Mechanical vibration has been a standard practice in concrete construction for decades. It is used to consolidate fresh concrete, eliminating pockets of air so that the mixture can fill all the available space within the form and bond well to reinforcing steel. When a vibrator is inserted into fresh concrete, its motions exert shear stresses in the plastic concrete. The vibrator’s accelerations liquefy the concrete, using available water to lower the friction coefficient of particles in the concrete mix, and allowing entrapped air to move upward. The shear stresses increase with the speed of the vibrations, which also increases the amount of water separation. For a comprehensive explanation of concrete consolidation, see “Shaken, Not Stirred” a 2007 article.
Although the basic facts about vibrating concrete have not changed much over the years, design and construction practices have evolved. For example, many of today’s concrete structures are more heavily reinforced, which means that the space within formwork is more limited. Using pumps to place concrete also has become more common. Both of these factors have led to more flowable concrete mixes with higher slumps, finer aggregates, and more supplementary cementitious materials. Epoxy-coated rebar has grown in popularity, especially in northern climates for bridge decks, highway pavements, parking garages, and other applications that are subject to infiltration of water mixed with deicing salts. Formwork has taken on new shapes and incorporated new materials over the years. In response to these changes, manufacturers have developed new vibration equipment that’s better suited to 21st-century jobsites.
Development of vibrator standards
Most concrete vibrators today are designed to a set of standards that was developed by the Army Corps of Engineers in the late 1960s. ACI Committee 309 on Vibration (now called Consolidation of Concrete) adopted the Army Corps standards to limit vibration speed to a maximum of 11,000 vibrations per minute (vpm). Vibration exceeding that speed was believed to cause a separation of the component materials in the concrete mixture.
The traditional electric vibrator consists of a motor, a flexible shaft, and a vibration head. The power of the motor, the length of the shaft, and the size and weight of the vibrator head used vary depending on the requirements of the particular project. Most motors that drive vibrator units are uncontrolled. They start at a high vibration speed, and then vibrate more slowly as greater loads are imposed through increased shaft length, head weight, and concrete viscosity.
Today’s higher-slump concrete mixtures offer less resistance, and therefore tend to reduce the vibration speed less than was common when the vibrator standards were developed. Vibration speeds that are too high can adversely affect the quality of the concrete.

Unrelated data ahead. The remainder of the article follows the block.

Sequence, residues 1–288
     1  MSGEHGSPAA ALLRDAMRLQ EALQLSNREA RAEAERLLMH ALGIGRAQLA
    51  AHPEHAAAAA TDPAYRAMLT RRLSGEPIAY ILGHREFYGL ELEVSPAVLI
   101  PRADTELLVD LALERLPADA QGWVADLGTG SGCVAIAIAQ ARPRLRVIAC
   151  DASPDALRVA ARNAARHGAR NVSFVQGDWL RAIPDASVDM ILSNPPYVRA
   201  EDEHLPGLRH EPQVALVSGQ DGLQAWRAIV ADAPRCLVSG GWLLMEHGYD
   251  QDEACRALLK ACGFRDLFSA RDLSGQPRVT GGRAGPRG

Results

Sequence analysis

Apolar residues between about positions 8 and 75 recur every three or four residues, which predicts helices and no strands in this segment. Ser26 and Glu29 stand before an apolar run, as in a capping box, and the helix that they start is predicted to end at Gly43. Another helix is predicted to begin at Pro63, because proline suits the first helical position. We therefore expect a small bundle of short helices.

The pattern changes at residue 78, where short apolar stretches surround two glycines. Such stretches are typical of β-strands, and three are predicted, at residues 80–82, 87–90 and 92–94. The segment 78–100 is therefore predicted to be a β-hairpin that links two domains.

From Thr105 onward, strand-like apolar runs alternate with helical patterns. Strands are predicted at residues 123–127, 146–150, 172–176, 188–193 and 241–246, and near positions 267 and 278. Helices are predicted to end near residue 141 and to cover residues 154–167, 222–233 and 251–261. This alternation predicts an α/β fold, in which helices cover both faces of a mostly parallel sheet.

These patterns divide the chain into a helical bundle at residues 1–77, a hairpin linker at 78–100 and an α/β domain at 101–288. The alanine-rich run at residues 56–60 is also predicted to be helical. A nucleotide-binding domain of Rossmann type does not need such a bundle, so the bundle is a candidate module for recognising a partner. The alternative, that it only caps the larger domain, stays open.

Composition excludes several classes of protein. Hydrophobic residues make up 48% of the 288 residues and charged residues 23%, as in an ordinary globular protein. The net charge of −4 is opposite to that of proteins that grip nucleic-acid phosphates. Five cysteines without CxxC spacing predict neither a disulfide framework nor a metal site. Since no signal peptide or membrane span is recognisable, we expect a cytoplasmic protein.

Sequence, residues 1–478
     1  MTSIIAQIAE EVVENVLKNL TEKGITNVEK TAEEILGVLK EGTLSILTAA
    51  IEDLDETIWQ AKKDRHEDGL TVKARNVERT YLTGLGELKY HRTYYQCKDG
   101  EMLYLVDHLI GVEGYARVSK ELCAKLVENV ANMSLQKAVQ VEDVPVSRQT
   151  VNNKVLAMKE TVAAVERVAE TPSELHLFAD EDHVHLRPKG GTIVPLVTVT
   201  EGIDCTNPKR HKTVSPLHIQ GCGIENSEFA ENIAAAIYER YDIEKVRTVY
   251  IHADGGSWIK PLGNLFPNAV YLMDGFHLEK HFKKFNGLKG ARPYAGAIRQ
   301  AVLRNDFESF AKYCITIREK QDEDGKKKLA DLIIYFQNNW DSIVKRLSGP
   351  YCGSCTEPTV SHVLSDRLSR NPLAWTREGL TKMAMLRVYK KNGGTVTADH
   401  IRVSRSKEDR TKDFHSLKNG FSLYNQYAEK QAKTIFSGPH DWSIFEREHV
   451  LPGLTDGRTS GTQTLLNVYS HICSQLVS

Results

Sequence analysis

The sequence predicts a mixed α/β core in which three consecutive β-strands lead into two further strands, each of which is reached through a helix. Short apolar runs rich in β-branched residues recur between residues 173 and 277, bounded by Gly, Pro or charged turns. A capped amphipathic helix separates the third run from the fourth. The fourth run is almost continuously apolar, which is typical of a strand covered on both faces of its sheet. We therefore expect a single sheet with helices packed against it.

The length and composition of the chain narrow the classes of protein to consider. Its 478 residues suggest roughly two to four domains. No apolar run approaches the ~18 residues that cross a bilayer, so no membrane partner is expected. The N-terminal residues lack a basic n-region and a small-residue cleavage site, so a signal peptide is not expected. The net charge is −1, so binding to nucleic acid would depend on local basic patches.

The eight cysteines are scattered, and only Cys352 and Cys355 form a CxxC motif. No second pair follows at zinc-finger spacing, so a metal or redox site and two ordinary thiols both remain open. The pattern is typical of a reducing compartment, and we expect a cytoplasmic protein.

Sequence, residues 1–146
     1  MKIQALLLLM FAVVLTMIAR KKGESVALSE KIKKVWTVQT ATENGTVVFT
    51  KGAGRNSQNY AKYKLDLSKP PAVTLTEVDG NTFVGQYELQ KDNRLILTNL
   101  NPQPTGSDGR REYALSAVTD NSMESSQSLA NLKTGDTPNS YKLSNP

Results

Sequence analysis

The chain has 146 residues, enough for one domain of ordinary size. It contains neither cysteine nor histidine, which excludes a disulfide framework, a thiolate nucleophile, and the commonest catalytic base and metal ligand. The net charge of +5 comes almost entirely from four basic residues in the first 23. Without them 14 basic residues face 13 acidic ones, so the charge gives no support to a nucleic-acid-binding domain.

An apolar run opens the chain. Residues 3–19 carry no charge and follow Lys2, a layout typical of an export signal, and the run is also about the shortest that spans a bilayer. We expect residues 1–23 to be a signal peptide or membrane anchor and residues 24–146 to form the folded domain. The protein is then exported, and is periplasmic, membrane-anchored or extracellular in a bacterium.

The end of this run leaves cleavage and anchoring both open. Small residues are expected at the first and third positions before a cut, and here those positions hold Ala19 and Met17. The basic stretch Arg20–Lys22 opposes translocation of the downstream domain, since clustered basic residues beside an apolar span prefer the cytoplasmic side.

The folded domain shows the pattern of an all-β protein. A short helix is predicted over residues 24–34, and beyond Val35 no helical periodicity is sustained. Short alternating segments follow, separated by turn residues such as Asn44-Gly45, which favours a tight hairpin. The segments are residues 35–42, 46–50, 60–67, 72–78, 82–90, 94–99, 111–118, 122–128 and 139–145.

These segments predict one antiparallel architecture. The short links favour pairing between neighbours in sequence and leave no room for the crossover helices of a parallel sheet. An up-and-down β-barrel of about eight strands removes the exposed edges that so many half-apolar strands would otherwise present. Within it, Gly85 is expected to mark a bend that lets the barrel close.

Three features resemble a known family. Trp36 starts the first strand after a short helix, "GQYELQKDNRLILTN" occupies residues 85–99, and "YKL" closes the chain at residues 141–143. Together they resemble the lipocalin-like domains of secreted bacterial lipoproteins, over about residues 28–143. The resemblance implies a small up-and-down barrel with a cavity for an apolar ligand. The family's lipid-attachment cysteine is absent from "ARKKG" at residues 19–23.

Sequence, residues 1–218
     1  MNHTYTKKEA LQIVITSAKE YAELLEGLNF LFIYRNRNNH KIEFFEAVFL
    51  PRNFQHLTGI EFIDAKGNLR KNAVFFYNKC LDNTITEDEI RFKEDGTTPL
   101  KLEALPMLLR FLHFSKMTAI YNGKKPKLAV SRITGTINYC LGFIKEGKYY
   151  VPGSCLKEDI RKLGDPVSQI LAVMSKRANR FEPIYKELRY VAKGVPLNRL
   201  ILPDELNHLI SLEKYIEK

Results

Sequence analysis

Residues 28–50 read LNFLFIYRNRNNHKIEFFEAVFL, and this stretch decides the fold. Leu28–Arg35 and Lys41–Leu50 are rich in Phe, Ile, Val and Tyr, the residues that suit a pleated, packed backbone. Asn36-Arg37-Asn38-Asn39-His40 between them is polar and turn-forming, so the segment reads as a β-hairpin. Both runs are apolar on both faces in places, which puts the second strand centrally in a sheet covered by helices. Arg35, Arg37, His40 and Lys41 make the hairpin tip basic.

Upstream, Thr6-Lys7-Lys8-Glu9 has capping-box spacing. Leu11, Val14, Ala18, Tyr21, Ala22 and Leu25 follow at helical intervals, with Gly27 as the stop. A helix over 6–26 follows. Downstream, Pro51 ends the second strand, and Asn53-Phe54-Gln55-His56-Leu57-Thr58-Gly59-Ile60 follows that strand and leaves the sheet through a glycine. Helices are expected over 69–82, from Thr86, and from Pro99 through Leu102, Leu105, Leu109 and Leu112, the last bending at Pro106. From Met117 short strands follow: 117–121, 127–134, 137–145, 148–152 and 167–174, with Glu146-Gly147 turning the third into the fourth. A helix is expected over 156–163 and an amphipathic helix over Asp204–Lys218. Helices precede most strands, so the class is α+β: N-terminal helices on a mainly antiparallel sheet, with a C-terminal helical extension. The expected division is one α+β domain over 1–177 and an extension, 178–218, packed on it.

Under high-speed vibration, water is driven away from the vibrator head and moves downward to find a leak path in the forms. Water that pools against the inside of the forms creates washouts and water voids. In other cases, excessive vibration speeds cause concrete to shed its bleed water to the bottom of the form. The resulting surface defects need at least to be patched; if severe enough to expose reinforcement, they require more drastic repairs.
Learning lessons from pavements
Vibration speed became a matter of concern partly due to experience with concrete pavements that contain air-entraining admixtures to increase freeze/thaw durability. In some cases, consolidation at excessive speed seemed to eliminate not only objectionable entrapped air voids, but also microscopic entrained air bubbles. Research at the Portland Cement Association showed higher vibration frequencies could adversely affect air-void spacing and freeze/thaw performance.
Based on this research and field experience, the Federal Highway Administration, Federal Aviation Administration, and individual state transportation departments have recognized the importance of proper vibration. Some agencies are setting new standards and monitoring performance to make sure contractors produce concrete pavements with adequate air-void systems.
Controlling vibration speed
Drawing on its experience producing vibration equipment for concrete pavements, Racine, Wis.-based Wyco Tool Co. set out to produce a new kind of vibration system for formed concrete structures. The system’s key component is a vibrator motor that runs at a constant speed regardless of any internal or external forces. Wyco’s new Sure Speed motor is designed to maintain a consistent vibration speed, with any concrete mixture and any combination of shaft and vibrator head.